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Fourth Day, Novel VIII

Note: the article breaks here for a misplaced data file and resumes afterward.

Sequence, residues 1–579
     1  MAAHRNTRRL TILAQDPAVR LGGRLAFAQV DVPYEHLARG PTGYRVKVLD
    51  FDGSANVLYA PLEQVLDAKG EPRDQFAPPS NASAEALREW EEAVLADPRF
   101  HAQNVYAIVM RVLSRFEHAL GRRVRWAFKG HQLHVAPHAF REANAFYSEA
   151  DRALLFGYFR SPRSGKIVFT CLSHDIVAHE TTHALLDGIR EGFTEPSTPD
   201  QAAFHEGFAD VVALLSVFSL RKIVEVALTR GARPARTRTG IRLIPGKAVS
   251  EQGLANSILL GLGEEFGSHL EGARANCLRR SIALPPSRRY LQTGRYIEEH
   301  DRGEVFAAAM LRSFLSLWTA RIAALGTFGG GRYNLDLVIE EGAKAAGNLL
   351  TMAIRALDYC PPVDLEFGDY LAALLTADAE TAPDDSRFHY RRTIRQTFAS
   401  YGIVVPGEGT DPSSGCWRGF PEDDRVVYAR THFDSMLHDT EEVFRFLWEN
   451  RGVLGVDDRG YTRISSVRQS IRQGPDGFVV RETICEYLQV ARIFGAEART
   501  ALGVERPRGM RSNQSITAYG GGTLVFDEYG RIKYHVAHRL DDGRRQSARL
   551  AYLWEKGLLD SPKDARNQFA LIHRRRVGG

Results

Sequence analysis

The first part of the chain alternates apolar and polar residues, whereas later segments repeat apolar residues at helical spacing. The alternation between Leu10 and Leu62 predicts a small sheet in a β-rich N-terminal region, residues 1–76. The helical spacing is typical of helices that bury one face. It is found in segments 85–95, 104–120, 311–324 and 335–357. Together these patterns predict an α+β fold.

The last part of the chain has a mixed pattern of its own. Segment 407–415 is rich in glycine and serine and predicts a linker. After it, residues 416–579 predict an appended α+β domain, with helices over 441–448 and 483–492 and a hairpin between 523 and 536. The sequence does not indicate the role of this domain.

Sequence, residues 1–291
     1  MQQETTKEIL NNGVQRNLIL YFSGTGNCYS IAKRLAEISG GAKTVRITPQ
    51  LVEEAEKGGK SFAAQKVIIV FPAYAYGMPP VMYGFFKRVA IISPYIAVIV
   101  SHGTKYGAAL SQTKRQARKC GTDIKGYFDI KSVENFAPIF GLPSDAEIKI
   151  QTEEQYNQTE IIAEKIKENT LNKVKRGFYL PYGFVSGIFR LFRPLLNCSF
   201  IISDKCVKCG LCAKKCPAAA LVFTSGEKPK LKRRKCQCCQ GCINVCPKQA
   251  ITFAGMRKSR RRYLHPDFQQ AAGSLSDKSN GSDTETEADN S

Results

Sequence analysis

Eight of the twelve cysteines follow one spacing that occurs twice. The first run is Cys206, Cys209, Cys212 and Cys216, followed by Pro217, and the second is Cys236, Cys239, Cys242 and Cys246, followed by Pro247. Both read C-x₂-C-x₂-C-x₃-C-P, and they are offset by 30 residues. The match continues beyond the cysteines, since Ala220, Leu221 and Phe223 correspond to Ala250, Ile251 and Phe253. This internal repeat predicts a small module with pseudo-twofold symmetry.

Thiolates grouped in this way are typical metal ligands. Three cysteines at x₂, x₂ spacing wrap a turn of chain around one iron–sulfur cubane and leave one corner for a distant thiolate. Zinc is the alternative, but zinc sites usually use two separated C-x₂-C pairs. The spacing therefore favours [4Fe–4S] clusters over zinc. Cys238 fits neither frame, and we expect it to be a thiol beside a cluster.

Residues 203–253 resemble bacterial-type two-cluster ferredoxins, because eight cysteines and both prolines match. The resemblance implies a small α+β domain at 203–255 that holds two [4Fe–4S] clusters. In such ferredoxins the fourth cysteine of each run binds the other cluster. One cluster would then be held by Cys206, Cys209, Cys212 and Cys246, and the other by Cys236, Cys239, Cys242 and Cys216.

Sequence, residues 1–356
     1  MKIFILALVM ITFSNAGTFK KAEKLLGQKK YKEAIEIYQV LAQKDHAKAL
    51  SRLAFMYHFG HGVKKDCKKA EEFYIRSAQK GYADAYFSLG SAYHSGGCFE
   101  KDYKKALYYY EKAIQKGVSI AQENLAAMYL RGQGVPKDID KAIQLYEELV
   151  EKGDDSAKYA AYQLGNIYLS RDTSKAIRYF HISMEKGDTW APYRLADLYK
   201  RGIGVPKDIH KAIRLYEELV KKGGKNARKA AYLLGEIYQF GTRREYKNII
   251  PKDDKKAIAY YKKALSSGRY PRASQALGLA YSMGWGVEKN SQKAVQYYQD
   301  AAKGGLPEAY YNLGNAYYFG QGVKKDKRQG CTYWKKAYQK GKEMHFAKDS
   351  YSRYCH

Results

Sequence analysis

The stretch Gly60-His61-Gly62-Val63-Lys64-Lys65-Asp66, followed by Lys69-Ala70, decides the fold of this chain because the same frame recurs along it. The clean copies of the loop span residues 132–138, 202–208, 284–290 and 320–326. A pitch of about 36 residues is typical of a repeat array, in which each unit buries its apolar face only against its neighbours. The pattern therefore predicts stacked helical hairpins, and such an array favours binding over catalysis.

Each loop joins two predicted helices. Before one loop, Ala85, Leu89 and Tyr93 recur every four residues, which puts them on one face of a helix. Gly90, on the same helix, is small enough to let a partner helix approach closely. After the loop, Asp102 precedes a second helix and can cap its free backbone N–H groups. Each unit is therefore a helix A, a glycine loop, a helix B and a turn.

[003]Some there are, noble ladies, who, methinks, deem themselves to be wiser than the rest of the world, and are in fact less so; and by consequence presume to measure their wit against not only the counsels of men but the nature of things; which presumption has from time to time been the occasion of most grievous mishaps; but nought of good was ever seen to betide thereof. [004] And as there is nought in nature that brooks to be schooled or thwarted so ill as love, the quality of which is such that it is more likely to die out of its own accord than to be done away of set purpose, I am minded to tell you a story of a lady, who, while she sought to be more wise than became her, and than she was, and indeed than the nature of the matter, wherein she studied to shew her wisdom, allowed, thinking to unseat Love from the heart that he had occupied, and wherein perchance the stars had established him, did in the end banish at one and the same time Love and life from the frame of her son.